Using shutter speed for creative effect

Monks receiving alms in Luang Prabang

The world is in motion; more often than not there’s something moving, flowing or flapping! Expressing that motion brings pictures alive; transforming them from a static record to a dynamic image. There are certain classic subjects that automatically spring to mind when thinking of captured motion in images: smooth, milky water flowing over the falls, blurred people milling around a train station or star trails in the night sky. In each example, a part of the image is blurred by the motion of the subject — the water, people or stars – while the stationary parts of the picture remain sharp.

To capture an image using a slow shutter speed, a low ISO of 100 (or lower if your camera will allow it), should first be selected. In fact, it is best practice to use as low an ISO as lighting allows to ensure cleaner pictures with less noise.

Now set your camera mode dial to Shutter Priority (either Tv or S depending on your brand of camera) which will allow you to choose your shutter speed. The camera to automatically set the correct aperture for proper exposure.

The precise shutter speed needed will depend on how fast the subject to be blurred is moving — the slower the object you are looking to blur, the slower the shutter speed will need to be. For example, to blur a person moving at a walking pace a shutter speed of approximately ¼ of a second is needed, whereas blurring clouds in the sky can require minutes!

For inspiration take a look at the work of some of the great modern landscape photographers, such as David Noton, or Joe Cornish to see the beauty that can be captured with a slow shutter speed, but there is a price to pay – camera shake...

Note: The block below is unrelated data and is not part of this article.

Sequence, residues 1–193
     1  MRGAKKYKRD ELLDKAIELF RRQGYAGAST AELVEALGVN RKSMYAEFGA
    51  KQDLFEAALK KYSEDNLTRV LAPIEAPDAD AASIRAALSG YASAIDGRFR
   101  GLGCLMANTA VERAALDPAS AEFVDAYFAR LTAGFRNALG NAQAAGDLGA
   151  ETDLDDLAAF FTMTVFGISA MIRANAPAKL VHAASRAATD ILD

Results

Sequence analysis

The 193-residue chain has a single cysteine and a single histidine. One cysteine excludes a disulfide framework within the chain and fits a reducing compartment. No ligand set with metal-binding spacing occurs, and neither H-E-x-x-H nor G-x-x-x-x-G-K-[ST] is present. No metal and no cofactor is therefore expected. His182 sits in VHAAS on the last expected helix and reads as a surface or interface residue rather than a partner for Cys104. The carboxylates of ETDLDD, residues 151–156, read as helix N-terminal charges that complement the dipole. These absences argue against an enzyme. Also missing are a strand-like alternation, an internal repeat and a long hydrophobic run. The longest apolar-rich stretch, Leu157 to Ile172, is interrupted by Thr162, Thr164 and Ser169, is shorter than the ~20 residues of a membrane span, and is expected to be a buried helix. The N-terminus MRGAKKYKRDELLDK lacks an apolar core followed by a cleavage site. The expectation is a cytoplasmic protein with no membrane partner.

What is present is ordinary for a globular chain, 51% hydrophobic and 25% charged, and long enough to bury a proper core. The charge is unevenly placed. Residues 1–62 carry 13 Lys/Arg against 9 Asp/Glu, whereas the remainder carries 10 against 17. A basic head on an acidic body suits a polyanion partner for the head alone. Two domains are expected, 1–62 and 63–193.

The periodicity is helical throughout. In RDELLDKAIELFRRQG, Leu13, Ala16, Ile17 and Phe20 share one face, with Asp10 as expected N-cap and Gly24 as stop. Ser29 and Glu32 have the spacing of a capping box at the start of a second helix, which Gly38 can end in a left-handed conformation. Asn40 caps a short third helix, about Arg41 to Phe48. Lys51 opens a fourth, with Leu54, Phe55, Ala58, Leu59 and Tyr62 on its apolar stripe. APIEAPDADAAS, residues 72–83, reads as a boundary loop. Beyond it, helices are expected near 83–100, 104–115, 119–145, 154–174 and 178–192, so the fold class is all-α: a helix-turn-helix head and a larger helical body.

Accepted wisdom dictates that the lowest shutter speed at which a camera can be hand held without the images suffering from the unwanted blurring of camera shake is the inverse of the focal length of the lens. In other words, if your lens is set to a focal length of 50mm then camera shake will occur at shutter speeds slower than 1/50 second; if you are zooming in to 200mm then that speed increases to 1/200 second. As mentioned above blurring the moving elements of an image only really works when the static parts of that image retain their sharpness. The answer is very simple -  use a tripod!

The image above, of monks collecting alms in Luang Prabang was shot using a shutter speed of 0.3 seconds with the camera mounted on a tripod. The temple and old lady doling out rice remain sharp while the monks are blurred creating an impression of motion.

Of course, sometimes we want to achieve the opposite effect and to freeze motion – for example capturing every droplet of water in a fountain or a bird in flight. To do this simply select a fast shutter speed – around 1/500 second for water and 1/1000 second for fast moving objects like cars or animals.

So if you are thinking of taking your travel photography to the next level and plan to experiment with longer shutter speeds why not pack a tripod in your luggage next time you hit the road?
This entry was posted in Basic Photography Techniques.